Title: Peril in the Old Country
(Terribly Serious Darkness – Book 1)
Author: Sam Hooker
Genre: Dark Fantasy / Satire
Future Release Date: 6/5/18 (thanks to NetGalley and the publisher for a free eARC – this in no way affects the content of the review)
Sloot Peril the accountant is a nervous/befuddled/pathetic character on the order of Arthur Dent or Rincewind the Wizard, and he lives in a world that sounds like 1984 as written by Terry Pratchett who has just read a bunch of dark fantasy (be careful which characters you get emotionally attached to). Poor Sloot, the most law-abiding of citizens, renders great service to an important man (correcting an accounting report that implied he wasn’t so rich that he didn’t have to count his money) and is plunged into a world of plots within plots.
The characters are ridiculous, the situations are absurd, and the narration is hilarious and snarky (beware if you are easily offended by something you value being satirized). This was on it’s way to being a 4.5 to 5 star book, but the end really annoyed me. There are plot unveilings, deaths, swearing (e.g. “the one that rhymes with elbow” or “the one that starts with m and refers to the face you make right before sneezing”), true love…and then the book ends before we find out how the situation resolves…I hate that kind of cliffhanger ending. If you’re a good author you don’t need to string me along like that! You should be able to offer some resolution and still keep my interest. It annoyed me so much that I almost dropped this clear down to 3 stars, but I had too much fun overall to do that.
Title: Twilight Falling
(Erevis Cale Trilogy – Book 1)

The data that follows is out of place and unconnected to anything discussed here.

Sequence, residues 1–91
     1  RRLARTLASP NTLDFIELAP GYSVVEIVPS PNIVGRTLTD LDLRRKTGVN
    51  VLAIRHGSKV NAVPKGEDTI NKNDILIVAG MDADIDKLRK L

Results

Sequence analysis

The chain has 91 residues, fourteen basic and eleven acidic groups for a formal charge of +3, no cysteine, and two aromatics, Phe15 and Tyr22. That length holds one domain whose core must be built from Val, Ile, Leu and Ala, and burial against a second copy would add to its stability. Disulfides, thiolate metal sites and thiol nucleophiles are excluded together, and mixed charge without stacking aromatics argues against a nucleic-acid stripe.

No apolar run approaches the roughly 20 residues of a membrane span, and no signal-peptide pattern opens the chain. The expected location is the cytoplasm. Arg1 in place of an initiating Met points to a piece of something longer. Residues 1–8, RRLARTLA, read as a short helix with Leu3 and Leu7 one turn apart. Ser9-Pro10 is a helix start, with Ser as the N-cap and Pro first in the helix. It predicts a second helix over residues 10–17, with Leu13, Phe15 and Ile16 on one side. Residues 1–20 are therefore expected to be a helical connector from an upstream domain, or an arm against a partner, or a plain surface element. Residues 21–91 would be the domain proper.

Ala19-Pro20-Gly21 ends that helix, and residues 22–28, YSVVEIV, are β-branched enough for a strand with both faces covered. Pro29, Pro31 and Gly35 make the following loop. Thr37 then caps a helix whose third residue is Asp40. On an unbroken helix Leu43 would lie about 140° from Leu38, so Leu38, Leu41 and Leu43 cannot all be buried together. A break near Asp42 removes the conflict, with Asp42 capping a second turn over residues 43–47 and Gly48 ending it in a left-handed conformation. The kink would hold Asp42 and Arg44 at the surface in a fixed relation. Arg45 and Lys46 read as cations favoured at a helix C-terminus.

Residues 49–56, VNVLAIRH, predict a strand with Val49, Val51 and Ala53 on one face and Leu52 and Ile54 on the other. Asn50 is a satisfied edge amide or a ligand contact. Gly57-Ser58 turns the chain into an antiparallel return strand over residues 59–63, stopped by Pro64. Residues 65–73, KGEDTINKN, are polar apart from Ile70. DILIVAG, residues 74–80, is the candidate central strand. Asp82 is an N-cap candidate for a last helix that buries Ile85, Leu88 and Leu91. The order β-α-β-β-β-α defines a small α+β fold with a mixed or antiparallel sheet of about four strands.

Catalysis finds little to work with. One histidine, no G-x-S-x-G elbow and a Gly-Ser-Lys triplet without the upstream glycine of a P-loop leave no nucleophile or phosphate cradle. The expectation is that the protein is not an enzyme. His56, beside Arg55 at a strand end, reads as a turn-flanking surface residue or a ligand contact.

Author: Paul S. Kemp
Genre: Dark Fantasy (Forgotten Realms)
Rating: 3 of 5
This is pretty good for a Forgotten Realms novel. That isn’t high praise, but it was entertaining enough that I’ll be reading the next book in the trilogy rather than abandoning it as the bland, derivative trash with overpowered magic and amateurish plotting that is the majority of FR books I have tried to read.
This trilogy plunges us into the shady underworld of the Forgotten Realms with assassin/priest-turned-butler (though that doesn’t last long) Erevis Cale as our protagonist. Once we clean up some loose ends from a previous book, Erevis and some associates get sucked into a quest that is mostly about vengeance but has a mysterious artifact, some shadowy gods, etc. mixed up in it as well.
The book seems to be primarily a way of assembling the adventuring party and giving them a main objective for the rest of the trilogy. Cale is an interesting character as he serves a shadowy god and has a dark/violent past but generally tries to do what is right…a path that I suspect will become increasingly difficult given events at the end of this book. He doesn’t seem to be a direct ripoff of a well-known character created by J. R. R. Tolkien, Robert E. Howard, or Michael Moorcock, so I appreciate him and am curious to see what happens to him.
There was still some of the usual FR nonsense that could be fixed by a decent editor (quite a few typos, a character taking something in his hands just moments after losing a hand, characters staring into each other’s eyes in magical darkness that we have just been told only one of them can see through, etc.). However, it was decent escapist dark fantasy that I look forward to continuing…thanks to Bookstooge for the recommendation!
Title: A Cruel Wind: A Chronicle of the Dread Empire
(omnibus containing A Shadow of All Nigh Falling, October’s Baby, and All Darkness Met)
Author: Glen Cook
Genre: Dark Fantasy
Rating: 3.5 of 5
Before creating the mercenary Black Company, Glen Cook wrote about the struggle between the deeply divided West and the Dread Empire of the East. The Western nations are nominally the “good guys”…mostly by virtue of our protagonists being from the West and the Dread Empire being efficiently expansionist and militaristic (and we are told repeatedly that they are “pure evil” though their actions aren’t demonstrably more so than the Westerners). The pettiness, scheming, brutal pragmatism, deep character flaws, and occasional atrocities of the Westerners make for a moral ambiguity that is typical Glen Cook dark fantasy.